- Flight attendants have been left off most lists of essential workers, which seems even more unjust after one considers the abuses they’ve endured during the last 10 months.
- The Doomsday Clock is set at 100 seconds to midnight, just as it was in 2020. Yay, I guess?
The takeaway: Some day in the far-off future, you will open your most trusted news source to find that the lead story is “utility announces 2% increase in water rates.” You will momentarily ponder that piece of information and blissfully go about your business.
The comms infrastructure
Here’s a not-so-random question: Collectively, have we become better communicators during the pandemic? The circumstances forced everyone’s hand, clearly, but there seems to be a degree of transparency and commitment that didn’t exist before last March.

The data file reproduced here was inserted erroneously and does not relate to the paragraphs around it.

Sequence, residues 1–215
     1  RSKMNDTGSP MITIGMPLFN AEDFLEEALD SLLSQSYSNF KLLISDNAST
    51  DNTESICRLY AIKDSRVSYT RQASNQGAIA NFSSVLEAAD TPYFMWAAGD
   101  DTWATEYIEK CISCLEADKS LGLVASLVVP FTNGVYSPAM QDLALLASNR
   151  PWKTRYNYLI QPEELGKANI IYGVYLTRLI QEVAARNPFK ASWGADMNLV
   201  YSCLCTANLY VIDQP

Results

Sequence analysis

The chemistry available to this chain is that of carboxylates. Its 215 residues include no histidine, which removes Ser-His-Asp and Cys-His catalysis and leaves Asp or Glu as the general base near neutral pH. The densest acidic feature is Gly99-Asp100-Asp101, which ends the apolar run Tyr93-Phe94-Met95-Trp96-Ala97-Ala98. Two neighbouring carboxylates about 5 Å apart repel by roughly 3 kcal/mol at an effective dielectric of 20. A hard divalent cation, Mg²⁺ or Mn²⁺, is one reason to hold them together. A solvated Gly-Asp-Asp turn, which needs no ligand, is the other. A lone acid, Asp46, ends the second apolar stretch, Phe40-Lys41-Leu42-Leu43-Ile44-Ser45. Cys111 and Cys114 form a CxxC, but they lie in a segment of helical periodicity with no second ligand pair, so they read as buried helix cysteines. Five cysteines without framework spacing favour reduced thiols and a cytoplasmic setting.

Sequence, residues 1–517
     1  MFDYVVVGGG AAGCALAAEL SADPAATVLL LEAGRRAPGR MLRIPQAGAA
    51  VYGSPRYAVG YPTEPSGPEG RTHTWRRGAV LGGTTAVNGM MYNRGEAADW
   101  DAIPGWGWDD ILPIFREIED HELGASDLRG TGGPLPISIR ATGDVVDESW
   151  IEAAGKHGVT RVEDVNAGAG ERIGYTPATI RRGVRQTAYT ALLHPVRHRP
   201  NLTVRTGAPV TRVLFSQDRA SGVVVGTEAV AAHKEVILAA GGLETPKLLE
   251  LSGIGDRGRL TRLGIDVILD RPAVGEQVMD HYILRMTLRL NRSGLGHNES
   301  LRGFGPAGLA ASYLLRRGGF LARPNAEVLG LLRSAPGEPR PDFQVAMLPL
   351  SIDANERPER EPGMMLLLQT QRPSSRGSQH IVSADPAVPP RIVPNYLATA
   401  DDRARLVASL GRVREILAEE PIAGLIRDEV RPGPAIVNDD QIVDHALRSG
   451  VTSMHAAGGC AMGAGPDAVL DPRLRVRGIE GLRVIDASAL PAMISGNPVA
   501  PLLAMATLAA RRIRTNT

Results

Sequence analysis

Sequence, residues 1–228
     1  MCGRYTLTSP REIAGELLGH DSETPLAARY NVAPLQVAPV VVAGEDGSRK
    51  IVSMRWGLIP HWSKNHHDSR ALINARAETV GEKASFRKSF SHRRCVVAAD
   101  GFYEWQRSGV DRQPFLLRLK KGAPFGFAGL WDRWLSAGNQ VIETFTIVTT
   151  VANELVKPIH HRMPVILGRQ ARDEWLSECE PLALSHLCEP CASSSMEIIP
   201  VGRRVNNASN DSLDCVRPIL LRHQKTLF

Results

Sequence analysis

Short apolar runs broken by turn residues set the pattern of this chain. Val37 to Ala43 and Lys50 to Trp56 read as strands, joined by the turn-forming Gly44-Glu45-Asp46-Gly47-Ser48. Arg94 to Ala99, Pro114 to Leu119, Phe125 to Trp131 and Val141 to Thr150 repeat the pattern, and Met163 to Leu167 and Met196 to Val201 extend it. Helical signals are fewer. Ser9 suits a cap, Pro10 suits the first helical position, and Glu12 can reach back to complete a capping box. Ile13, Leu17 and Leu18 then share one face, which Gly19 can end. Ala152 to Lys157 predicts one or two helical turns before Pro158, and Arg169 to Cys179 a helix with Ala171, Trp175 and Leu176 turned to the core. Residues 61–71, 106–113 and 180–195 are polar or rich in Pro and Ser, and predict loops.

- Jeff Forster, a guy who knows a thing or two about putting together a must-read newsletter, writes in Medical Bag about a potential “Fauci Effect” among medical students who might not otherwise be inclined to pursue careers in the realm of infectious disease.
- Since the pandemic hit, pharma sales reps have had almost no access to healthcare providers. In MM+M, Marc Iskowitz details their shift to virtual selling.
- OKCupid communications lead Michael Kaye sits down with PRWeek’s Steve Barrett for a “Coffee Break” conversation about pandemic-era romance and about how “vaccinated” is trending on online dating profiles.
- In Campaign, Rahul Sachitanand notes that marketing and communications M&A activity fell during 2020 as companies hoarded cash during the pandemic.